Allen Ferrell, the Harvey Greenfield Professor of Securities Law at Harvard Law School, has been awarded the 2014 Moskowitz Prize. The prestigious annual award from the University of California, Berkeley’s Haas School of Business, recognizes outstanding quantitative research in socially responsible investing.

Ferrell received the prize, along with Hao Liang and Luc Renneboog, both from Tilburg University in the Netherlands, for their jointly authored paper “Socially Responsible Firms.” It presents the results of their study showing that good corporate governance correlates with higher Corporate Social Responsibility (SCR) initiatives. And in turn, these increased CSR practices contribute to shareholder wealth.

The costs and benefits of CSR to shareholders continue to be debated. The paper’s findings – that higher CSR performance is closely related to how much firms retain in cash holdings and higher pay-for-performance returns – support the view that CSR increases shareholder value.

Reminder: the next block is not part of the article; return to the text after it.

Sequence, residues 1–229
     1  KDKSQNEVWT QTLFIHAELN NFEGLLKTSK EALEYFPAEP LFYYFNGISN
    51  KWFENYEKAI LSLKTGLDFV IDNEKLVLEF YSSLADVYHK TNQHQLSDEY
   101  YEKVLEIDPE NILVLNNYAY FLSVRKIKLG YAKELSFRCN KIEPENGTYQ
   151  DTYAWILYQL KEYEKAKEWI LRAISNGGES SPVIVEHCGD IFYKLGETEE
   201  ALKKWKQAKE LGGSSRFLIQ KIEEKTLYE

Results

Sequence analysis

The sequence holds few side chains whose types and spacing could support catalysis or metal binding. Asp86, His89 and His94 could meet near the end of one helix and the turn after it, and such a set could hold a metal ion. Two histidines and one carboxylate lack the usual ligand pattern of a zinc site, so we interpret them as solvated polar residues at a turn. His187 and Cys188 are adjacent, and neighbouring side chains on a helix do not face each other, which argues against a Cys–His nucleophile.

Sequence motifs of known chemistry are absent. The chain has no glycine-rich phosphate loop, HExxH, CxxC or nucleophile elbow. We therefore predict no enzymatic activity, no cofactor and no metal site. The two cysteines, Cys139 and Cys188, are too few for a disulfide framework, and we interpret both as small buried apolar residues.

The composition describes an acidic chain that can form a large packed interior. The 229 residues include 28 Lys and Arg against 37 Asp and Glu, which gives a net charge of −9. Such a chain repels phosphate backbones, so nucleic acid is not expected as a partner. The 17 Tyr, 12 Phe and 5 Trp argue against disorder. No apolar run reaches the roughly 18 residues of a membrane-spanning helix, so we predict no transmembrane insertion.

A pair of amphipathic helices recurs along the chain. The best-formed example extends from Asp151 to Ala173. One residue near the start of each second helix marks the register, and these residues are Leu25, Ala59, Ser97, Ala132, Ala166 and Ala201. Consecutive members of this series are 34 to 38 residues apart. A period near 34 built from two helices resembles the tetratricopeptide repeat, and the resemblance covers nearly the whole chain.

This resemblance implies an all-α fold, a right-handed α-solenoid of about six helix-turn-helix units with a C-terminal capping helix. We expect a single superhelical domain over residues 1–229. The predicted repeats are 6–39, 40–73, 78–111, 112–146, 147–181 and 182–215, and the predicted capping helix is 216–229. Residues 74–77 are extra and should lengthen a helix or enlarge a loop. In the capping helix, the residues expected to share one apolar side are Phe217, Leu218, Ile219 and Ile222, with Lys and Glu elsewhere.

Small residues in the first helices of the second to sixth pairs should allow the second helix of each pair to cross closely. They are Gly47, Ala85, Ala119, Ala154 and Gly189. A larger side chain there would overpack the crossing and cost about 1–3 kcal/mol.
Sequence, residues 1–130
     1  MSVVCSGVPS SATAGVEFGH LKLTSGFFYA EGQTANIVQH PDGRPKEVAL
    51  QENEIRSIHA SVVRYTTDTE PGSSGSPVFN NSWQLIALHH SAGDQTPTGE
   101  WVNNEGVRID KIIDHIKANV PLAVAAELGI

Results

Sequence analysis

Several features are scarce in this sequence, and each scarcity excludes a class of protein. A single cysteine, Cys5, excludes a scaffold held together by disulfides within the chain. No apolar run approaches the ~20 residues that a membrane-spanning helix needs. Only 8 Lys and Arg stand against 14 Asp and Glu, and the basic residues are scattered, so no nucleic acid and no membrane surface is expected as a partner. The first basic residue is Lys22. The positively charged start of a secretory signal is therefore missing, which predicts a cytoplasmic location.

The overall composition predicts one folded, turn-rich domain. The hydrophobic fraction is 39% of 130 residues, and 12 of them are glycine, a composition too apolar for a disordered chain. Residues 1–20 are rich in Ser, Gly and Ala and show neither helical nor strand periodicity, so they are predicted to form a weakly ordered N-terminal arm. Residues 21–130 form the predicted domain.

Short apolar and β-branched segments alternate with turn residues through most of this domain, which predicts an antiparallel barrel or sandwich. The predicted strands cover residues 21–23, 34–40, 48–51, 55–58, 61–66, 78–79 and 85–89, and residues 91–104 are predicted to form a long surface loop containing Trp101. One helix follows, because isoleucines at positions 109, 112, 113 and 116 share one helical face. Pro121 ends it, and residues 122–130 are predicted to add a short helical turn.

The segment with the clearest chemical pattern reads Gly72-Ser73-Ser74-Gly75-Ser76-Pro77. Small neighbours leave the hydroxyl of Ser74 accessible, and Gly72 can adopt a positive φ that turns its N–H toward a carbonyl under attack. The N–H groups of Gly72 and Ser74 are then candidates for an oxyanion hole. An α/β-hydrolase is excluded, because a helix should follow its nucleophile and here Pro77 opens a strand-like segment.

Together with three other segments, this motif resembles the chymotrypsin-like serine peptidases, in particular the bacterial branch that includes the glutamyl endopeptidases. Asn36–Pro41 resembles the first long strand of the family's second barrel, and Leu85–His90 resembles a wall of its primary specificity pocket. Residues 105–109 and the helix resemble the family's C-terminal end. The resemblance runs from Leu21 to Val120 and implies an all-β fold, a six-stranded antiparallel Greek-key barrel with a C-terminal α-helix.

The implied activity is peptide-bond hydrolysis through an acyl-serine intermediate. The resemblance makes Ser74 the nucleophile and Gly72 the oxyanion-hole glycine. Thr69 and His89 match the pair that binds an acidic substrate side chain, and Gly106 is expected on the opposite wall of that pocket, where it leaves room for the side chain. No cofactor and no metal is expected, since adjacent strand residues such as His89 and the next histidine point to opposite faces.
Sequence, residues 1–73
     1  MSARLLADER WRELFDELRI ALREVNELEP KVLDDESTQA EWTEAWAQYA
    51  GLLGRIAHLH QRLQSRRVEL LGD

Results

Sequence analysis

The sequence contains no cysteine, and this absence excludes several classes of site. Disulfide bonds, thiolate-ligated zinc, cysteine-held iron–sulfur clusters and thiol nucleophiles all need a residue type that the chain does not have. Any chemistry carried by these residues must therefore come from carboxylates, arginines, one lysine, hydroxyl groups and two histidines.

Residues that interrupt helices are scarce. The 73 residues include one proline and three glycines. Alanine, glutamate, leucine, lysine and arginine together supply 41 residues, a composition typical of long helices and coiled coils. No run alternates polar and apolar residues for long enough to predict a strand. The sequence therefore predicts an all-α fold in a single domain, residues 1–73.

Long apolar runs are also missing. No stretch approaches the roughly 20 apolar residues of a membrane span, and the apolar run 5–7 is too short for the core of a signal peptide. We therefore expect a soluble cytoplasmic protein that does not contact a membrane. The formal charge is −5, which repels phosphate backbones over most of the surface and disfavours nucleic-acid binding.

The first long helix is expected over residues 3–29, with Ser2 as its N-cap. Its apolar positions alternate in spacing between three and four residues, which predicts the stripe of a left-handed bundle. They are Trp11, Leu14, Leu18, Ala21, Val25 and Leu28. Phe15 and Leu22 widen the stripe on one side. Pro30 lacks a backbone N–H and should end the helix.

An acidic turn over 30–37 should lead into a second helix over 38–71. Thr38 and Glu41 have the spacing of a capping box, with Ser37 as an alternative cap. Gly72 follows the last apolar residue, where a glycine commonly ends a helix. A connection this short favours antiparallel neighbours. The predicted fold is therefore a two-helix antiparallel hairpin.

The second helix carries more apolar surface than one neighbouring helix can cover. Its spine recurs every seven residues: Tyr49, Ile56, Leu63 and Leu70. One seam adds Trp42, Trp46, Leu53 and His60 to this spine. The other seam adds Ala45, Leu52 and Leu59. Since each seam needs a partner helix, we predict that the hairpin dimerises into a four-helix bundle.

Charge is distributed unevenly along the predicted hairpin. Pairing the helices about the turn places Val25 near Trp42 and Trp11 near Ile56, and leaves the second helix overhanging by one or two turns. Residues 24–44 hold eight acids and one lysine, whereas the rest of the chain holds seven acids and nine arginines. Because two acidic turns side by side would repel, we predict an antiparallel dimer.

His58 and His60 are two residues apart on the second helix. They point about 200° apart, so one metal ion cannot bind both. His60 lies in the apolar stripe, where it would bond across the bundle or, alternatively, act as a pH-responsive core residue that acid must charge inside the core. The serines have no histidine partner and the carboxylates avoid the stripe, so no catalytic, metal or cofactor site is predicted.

“We’ve known for some time that corporate investment in social responsibility can pay off,” says Lloyd Kurtz, faculty co-chair of the Moskowitz Prize selection committee, “But there have also been legitimate concerns that shareholder money might be diverted to vanity projects or other inappropriate uses in the name of CSR. This study really moves us forward in understanding how companies are investing in CSR, and how that relates to shareholder value creation.”

In addition to teaching securities and law and economics courses at Harvard Law School, Ferrell is also a faculty associate at the Kennedy School of Government, chairman of the Harvard Advisory Committee on Shareholder Responsibility, and a research associate at the European Corporate Governance Institute.

The Moskowitz Prize is named for Milton Moskowitz, one of the first investigators to publish comparisons of the financial performance of screened and unscreened portfolios. Studies are reviewed by an expert panel of judges from both academic and investment circles, and judged on: their practical significance to practitioners of socially responsible investing; appropriateness and rigor of quantitative methods; and novelty of results. This year’s prize was presented at the 25th annual Socially Responsible Investing (SRI) Conference in Colorado Springs, Colo. on November 10.